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Cool New Bears Arrive at the Columbus Zoo and Aquarium

Media Alert: Friday, February 19, 2010

Contact:

FOR IMMEDIATE RELEASE
February 19, 2010

CONTACT:
Patty Peters
Associate Zoo Director Community Relations

Powell, OH – Twin polar bears, Aurora and Anana, arrived at the Columbus Zoo and Aquarium this afternoon.  The three-year-old females are the first residents of Polar Frontier, the Zoo’s newest attraction opening this spring.
 
The young bears were accompanied by animal care staff during their trip from the Pittsburgh Zoo and PPG Aquarium where they have lived since December 2008.  They were born at the Toledo Zoo on November 25, 2006.  The name “Aurora” is in reference to the northern polar lights and “Anana” is an Inuit word meaning “pretty”.
 
“The residents of central Ohio spoke and we listened”, noted Executive Director Dale Schmidt.  “It’s been more than 20 years since polar bears were at the Columbus Zoo and they are back by popular demand.  We can’t wait to share Polar Frontier with the community.”
 
Aurora and Anana’s new home includes a 1.32-acre yard with two pools, smell ports, dig pits and shelters.  The still pool will be 167,000 gallons and include the David C. Goss Family Gallery where visitors can view the bears from above, at eye-level, and below.  Imagine having a polar bear swimming over your head in Ohio!  The other pool is a surge pool with a tidal effect, providing enrichment with various depths and moving water.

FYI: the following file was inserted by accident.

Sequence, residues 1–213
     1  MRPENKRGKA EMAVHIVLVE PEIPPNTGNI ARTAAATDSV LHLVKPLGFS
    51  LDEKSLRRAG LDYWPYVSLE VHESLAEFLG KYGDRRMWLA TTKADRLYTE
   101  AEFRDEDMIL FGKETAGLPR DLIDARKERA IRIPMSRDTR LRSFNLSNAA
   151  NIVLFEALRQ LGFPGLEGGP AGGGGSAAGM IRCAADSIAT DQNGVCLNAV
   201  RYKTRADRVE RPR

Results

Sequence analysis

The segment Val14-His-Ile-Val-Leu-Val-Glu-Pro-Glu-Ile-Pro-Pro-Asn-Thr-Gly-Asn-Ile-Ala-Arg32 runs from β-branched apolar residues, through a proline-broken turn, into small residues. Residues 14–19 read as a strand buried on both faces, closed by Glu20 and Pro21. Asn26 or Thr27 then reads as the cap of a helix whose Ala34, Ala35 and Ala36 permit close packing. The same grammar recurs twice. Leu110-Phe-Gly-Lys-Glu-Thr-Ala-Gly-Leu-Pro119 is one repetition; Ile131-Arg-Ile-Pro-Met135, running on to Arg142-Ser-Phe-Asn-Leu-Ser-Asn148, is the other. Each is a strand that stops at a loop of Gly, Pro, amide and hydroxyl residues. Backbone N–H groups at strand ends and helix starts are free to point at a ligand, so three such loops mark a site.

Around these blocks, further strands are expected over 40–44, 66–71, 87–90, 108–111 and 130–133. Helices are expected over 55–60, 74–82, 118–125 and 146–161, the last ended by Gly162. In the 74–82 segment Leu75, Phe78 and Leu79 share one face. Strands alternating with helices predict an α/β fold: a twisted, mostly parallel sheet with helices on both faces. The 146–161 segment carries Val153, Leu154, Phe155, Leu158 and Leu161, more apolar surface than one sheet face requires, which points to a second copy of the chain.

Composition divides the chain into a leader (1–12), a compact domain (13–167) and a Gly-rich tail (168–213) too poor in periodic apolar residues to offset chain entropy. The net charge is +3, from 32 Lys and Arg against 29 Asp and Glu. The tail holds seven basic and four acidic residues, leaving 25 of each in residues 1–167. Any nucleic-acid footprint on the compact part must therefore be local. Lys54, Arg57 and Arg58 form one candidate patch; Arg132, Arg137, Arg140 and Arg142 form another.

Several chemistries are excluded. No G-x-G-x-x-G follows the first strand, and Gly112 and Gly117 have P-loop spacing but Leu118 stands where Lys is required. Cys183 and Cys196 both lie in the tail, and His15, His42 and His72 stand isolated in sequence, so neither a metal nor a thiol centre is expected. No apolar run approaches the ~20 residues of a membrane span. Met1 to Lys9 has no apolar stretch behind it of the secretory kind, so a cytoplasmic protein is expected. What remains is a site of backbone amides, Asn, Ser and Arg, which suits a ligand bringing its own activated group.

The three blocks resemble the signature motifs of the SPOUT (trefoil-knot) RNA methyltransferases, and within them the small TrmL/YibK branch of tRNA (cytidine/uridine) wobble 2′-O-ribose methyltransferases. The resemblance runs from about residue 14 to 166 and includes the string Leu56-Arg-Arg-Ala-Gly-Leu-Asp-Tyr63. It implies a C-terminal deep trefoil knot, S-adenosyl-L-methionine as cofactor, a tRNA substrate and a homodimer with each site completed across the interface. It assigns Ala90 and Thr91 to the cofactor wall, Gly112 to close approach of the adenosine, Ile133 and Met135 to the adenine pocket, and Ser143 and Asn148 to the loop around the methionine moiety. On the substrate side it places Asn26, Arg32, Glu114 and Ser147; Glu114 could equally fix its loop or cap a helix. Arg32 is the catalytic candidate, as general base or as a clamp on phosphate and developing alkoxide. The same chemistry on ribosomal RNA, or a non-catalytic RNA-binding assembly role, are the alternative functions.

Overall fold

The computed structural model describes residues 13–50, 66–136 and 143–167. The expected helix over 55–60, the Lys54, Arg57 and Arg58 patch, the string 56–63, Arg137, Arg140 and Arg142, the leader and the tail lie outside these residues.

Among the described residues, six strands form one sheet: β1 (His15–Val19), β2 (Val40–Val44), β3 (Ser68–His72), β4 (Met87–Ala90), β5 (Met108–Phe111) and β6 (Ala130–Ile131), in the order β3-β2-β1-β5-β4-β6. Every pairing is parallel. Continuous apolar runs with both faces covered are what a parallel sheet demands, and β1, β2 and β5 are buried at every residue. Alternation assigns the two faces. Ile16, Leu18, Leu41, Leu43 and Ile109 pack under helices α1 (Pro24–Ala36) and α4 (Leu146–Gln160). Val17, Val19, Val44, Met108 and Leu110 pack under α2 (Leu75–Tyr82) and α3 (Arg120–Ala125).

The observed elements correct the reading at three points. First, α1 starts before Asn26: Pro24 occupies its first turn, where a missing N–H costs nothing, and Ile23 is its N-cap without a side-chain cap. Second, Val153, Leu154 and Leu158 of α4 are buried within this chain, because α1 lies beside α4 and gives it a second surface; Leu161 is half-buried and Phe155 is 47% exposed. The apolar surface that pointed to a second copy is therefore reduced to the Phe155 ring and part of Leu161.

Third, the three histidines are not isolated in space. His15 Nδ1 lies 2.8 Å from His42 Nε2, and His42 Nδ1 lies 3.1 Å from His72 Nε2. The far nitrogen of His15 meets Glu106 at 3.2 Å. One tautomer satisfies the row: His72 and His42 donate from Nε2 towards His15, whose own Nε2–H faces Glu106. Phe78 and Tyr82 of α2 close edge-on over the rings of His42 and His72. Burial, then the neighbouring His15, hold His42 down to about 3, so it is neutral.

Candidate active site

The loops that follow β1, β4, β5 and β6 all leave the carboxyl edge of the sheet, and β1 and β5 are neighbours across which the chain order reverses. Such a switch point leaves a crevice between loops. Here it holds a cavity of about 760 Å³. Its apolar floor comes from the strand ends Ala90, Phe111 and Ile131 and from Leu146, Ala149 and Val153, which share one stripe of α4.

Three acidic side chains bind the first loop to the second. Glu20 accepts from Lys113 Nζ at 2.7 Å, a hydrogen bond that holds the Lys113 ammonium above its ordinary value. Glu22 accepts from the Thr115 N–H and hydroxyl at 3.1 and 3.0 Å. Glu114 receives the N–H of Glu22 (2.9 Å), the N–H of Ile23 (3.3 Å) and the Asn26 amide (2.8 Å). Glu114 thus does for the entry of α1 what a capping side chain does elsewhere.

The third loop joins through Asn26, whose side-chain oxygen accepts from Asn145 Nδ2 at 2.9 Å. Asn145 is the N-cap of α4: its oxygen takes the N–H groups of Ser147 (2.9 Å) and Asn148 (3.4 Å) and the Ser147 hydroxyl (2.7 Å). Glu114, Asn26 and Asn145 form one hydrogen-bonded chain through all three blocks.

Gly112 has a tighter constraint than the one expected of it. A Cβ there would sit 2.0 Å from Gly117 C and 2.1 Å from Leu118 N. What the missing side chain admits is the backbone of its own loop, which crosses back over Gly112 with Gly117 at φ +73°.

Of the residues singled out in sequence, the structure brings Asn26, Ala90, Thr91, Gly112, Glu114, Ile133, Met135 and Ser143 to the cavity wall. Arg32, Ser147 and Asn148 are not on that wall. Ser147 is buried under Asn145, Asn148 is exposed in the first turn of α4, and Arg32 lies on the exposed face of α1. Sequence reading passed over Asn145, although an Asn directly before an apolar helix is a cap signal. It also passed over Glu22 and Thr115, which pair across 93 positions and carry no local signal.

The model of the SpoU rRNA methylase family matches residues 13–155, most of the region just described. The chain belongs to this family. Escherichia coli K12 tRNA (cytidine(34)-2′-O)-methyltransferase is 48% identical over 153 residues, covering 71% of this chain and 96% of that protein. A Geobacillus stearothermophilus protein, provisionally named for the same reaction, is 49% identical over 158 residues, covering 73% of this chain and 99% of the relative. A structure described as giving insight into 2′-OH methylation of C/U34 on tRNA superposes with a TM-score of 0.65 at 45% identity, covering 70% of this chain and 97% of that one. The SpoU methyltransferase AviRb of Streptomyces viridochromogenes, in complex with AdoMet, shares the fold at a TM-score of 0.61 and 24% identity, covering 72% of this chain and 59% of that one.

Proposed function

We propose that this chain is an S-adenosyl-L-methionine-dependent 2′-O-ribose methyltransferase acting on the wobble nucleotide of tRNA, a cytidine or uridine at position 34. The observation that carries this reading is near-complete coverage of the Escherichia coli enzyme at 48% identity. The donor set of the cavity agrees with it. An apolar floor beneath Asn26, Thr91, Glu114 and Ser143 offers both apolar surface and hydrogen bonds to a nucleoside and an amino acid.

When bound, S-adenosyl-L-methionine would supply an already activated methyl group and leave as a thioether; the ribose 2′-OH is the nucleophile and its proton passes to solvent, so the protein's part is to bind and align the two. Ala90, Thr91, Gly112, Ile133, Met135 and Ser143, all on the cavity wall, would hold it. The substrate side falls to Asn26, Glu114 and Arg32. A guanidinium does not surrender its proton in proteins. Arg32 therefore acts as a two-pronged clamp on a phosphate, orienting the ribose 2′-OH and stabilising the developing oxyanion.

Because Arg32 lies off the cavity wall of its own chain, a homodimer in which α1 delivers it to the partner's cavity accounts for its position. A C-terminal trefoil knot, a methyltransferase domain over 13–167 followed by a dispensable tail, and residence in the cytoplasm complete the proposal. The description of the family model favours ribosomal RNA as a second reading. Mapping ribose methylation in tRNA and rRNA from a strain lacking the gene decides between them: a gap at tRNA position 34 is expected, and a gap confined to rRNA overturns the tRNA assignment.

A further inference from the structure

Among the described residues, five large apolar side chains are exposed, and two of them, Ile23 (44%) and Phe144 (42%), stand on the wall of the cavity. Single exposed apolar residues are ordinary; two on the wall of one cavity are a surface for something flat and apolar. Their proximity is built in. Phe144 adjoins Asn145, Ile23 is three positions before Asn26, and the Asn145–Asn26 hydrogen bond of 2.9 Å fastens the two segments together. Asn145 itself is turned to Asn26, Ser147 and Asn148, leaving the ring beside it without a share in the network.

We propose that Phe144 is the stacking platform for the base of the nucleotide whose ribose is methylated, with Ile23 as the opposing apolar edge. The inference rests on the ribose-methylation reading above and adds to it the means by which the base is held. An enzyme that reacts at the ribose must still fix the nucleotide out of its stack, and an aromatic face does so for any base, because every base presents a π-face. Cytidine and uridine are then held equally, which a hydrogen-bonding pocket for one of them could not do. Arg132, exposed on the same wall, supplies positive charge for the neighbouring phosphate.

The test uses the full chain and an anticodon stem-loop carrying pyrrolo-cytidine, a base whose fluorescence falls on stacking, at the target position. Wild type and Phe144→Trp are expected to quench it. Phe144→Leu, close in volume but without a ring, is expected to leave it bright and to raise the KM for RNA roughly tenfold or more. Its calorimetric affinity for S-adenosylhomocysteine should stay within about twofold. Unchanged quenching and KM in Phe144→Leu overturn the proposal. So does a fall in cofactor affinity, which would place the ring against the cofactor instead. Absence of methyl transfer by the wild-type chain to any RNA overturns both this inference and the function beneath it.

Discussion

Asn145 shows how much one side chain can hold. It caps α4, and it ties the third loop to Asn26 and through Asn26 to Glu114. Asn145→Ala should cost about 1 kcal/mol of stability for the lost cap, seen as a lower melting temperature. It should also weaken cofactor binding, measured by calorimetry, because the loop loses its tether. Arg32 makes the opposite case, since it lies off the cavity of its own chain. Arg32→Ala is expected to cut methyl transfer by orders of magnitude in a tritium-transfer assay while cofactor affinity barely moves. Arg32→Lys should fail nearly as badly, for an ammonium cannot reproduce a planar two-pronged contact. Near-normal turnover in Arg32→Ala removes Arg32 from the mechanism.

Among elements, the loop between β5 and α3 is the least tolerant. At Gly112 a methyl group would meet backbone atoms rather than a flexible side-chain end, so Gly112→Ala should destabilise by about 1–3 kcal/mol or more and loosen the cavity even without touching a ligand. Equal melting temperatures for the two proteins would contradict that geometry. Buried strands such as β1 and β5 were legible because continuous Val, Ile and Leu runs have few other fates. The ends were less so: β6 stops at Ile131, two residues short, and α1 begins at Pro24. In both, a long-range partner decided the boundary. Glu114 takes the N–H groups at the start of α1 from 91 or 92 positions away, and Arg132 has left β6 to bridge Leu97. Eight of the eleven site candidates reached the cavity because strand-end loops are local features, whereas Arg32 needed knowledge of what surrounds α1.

Polar Frontier represents a long-abandoned mining town and will draw guests into the Arctic Circle; connecting them to the animals that live in some of the coldest climates in the world.  Polar Frontier will also provide new digs for the Zoo’s popular brown bears, Brutus and Buckeye, who came to the Columbus Zoo in 2004 after the orphaned cubs were found in Alaska.  The new habitat for these growing and rambunctious boys will be an acre full of dig pits, deadfall trees, two shelters and a 42,000-gallon freshwater pool.  Arctic fox will be new to the Columbus Zoo and their new Polar Frontier habitat is made possible by the generosity of the Ed and Ellen Klopfer family.
 
The Battelle Ice Bear Outpost, an interpretive center with engaging activities focusing on polar bears and climate change, will also provide guests information on ways to practice conservation at home -- joining the Columbus Zoo and their partner Polar Bears International in the effort to save the polar bear.  A themed playground, presented by Nationwide who also provided support for the outdoor bear habitats, gives kids a chance to play while parents relax and enjoy their “cool” surroundings. 
 
In addition to donor and corporate contributions, the $20-million attraction is made possible due to the generosity of Franklin County residents and funds raised through a county property tax levy.
 
Polar bears (Ursus maritimus) are native to the circumpolar north including the United States (Alaska), Canada, Russia, Norway and Denmark (Greenland).  They are at the top of the Arctic food chain and eat primarily seals.  There is estimated to be 20,000-25,000 polar bears and populations are in decline due to the disappearance of sea ice.  Some scientists believe that if the warming trend continues two-thirds of the polar bear population could disappear by the year 2050.
           
Columbus Zoo and Aquarium is open 363 days of the year 9 a.m. to 6 p.m. from Memorial Day weekend through Labor Day, and 9 a.m. to 5 p.m. after Labor Day.  General admission is $12 for adults, $7 for children ages 2 to 9 and seniors 60+.  Zoo admission is half-price during the months of January and February 2010. Children under 2 and Columbus Zoo members are free.  The Zoo was named the #1 Zoo in America by USA Travel Guide and is accredited by the Association of Zoos and Aquariums (AZA.)  For more information and to purchase advance Zoo admission tickets, visit www.columbuszoo.org